When we think amnesia, we think memories lost forever. A new study, conducted on mice, shows that memory retrieval is possible.
One new research coming from MIT in collaboration with the Riken Brain Science Institute in Japan focused on the possibility of recalling memories via optogenetics.
Amnesia is quite a controversial topic in the neurosciences community. While some argue that amnesia is a result of permanently damaged brain cells, there are as many voices that argue to the contrary that memories are in fact blocked and cannot be recalled in the present.
In the midst of the debate, the research team conducted one experiment on mice that might shed light on how memory works.
Leaning more towards the second tide of arguments, Nobel-awarded Sususmu Tonegawa, part of the MIT research team stated that:
“The majority of researchers have favored the storage theory, but we have shown in this paper that this majority theory is probably wrong. Amnesia is a problem of retrieval impairment”.
To prove this statement, the scientists took on the task of bringing back the memories of mice by introducing a protein in the neurons which are normally activated when memories are created and stored. These neurons are called memory engrams. The protein reacts to blue light pulses, triggering responses from the neurons.
In the case of the mice, the memories were created on the spot. Two groups received electroshocks. The memory lived on as entailed by the fear of the shock chamber, until the mice were injected with anisomycin. This particular drug has significant effects on memories, much like retrograde amnesia.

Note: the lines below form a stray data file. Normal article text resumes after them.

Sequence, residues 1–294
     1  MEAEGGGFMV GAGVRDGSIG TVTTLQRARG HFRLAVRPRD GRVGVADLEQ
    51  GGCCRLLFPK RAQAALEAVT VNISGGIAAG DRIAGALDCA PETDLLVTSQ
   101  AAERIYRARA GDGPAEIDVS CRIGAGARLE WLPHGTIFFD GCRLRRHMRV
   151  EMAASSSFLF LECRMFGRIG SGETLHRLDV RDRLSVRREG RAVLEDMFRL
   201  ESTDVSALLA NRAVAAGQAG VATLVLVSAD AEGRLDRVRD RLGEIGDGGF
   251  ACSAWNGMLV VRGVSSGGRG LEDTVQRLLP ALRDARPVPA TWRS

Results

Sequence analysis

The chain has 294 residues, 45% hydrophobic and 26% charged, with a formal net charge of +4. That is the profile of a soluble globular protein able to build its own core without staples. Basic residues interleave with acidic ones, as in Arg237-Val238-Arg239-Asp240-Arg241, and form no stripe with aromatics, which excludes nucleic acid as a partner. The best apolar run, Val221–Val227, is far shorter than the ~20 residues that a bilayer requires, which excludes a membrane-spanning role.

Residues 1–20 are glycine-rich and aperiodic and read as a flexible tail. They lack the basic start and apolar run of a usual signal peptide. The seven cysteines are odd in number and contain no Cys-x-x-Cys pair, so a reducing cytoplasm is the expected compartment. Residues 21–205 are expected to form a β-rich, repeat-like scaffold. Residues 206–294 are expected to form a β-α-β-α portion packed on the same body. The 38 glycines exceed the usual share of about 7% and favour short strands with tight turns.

When the mice re-entered the shock chamber, no particular reactions were registered until the blue light pulses effectively recalled the memory of the electroshocks they received in the beginning of the experiment.
Brain scans revealed that the memory engrams which are found in one part of the hippocampus were in close connection with other parts of the hippocampus, as well as the amygdala where fear responses are usually stored.
All of these connections were not affected in any way by the drug, thus offering the researchers the opportunity to successfully recall the mice’s memories. Without the blue light pulses however and the specific protein injected in the neurons, the process would have not been possible.
The MIT and Riken Institute study yields significant results for further development of memory clinical restoration in humans.
For now, these results, while of widely acknowledged importance, are not applicable to humans due to ethics and their invasive nature.
Image Source: neurorexia.com
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